Decades of Failure to Investigate Sathya Sai Baba and His Untrustworthy Trust

Except at the time of Sathya Sai Baba’s death on 24 April 2011, the non-Indian media has practically ignored him. Often enough, the Indian media itself, has not made much of him, being more interested in scandals than in spirituality. Although, from circa two thousand, we did our best, as an international former devotee group (which included India), almost all the Indian media – except most notably India Today – and Indian governments and politicians profoundly ignored us. And also the immensely persistent Indian rationalist, Basava Premanand, who even initiated a court case, which like the Sampath case was hijacked by a Sai devotee judge in a manner deplored privately to me by distinguished legal experts. This failure history can only record severely against the established forces in India. The excercise of such powerful censorship is why we now see, now that various tipping points are being reached, with the Sathya Sai Trust facing nationwide scandal. Some of the corruption to which critics have laboured so hard and so long to get properly investigated  is, increasingly, being exposed. We did not know of Sai Baba’s incredible hoarding of treasure in his private quarters. However, as long ago as 2ooo, one of our number, Hari Sampath, former member of Sai Baba’s Security and Intelligence Wing, included mention in his Public Information Litigation (PIL) suit to the Supreme Court of India, of  money laundering via certain Sai Trust members who had charge over such activities, while other members were kept in the dark. See my recent blogs:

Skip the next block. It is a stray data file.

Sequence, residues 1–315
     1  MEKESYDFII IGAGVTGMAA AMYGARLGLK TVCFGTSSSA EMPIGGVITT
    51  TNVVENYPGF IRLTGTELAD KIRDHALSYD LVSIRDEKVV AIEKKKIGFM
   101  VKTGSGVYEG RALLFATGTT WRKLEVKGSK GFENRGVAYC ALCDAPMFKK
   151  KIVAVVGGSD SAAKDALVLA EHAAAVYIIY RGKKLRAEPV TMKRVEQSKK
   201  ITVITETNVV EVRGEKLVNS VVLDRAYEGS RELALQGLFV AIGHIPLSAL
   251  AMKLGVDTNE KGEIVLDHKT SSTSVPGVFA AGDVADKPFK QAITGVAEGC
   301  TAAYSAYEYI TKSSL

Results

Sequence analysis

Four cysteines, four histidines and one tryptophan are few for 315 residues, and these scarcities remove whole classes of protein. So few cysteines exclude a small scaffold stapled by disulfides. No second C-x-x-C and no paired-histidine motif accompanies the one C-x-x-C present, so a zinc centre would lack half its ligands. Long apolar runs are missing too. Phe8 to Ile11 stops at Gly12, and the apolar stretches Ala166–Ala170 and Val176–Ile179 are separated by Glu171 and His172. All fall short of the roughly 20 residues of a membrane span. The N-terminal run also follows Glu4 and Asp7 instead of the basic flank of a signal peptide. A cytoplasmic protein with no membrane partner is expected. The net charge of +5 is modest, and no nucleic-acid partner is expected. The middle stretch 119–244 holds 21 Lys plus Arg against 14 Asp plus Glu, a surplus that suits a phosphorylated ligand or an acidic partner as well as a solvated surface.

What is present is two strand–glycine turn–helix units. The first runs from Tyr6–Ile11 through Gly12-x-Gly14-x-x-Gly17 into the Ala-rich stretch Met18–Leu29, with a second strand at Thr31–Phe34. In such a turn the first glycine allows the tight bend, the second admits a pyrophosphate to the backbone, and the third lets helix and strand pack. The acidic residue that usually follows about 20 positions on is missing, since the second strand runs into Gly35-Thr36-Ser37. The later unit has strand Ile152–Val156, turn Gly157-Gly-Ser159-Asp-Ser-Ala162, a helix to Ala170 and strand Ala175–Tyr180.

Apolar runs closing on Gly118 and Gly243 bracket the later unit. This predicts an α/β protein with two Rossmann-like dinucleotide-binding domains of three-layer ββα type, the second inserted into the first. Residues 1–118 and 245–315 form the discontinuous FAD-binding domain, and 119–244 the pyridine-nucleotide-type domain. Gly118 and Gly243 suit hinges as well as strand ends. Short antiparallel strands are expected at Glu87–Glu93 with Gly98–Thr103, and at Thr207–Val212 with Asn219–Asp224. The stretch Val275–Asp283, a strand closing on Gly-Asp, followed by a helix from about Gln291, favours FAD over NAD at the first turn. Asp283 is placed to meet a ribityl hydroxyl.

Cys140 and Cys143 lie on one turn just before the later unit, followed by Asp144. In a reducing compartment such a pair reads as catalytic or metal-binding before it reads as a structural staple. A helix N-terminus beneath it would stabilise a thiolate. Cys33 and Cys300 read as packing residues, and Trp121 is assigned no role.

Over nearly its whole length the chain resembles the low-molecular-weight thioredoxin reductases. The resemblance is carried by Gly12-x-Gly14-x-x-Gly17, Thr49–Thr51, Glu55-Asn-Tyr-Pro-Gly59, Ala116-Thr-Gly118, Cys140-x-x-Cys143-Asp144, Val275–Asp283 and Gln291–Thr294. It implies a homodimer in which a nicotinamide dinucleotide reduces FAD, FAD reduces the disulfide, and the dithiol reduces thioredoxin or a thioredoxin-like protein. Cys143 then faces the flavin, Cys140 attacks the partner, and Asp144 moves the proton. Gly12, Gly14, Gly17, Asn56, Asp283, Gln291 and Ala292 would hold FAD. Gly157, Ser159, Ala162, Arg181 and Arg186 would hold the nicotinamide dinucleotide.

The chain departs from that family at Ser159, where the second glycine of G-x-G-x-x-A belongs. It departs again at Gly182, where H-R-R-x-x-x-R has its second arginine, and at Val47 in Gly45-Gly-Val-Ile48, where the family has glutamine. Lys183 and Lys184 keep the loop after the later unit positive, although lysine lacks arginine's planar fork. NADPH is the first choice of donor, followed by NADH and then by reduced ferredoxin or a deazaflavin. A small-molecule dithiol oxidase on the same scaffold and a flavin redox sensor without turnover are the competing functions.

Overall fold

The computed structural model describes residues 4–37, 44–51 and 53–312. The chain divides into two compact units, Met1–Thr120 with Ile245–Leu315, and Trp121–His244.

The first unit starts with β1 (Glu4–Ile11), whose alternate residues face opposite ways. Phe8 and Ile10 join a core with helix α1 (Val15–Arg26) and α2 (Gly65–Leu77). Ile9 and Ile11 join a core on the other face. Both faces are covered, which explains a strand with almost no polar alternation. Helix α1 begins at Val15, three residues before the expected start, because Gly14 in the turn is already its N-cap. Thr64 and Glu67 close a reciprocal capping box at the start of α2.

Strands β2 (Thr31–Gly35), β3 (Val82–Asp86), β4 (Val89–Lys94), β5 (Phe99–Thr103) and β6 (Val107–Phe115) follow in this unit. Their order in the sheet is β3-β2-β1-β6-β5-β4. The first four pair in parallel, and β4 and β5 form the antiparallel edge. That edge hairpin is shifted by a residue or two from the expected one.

Sathya Sai Saga: Points Lost Among Big Sathya Sai Trust Reassurances of Transparency

Sai Baba protected by the Supreme Court of India

In short, unlike UNESCO, the US State Department and many leading, best reputed media in the West (and, privately a number of governments), the Indian media with the honorable exception of India Today grossly and repeatedly ignored our detailed and compelling documentation and the sworn statements of excellent citizens from a number of countries.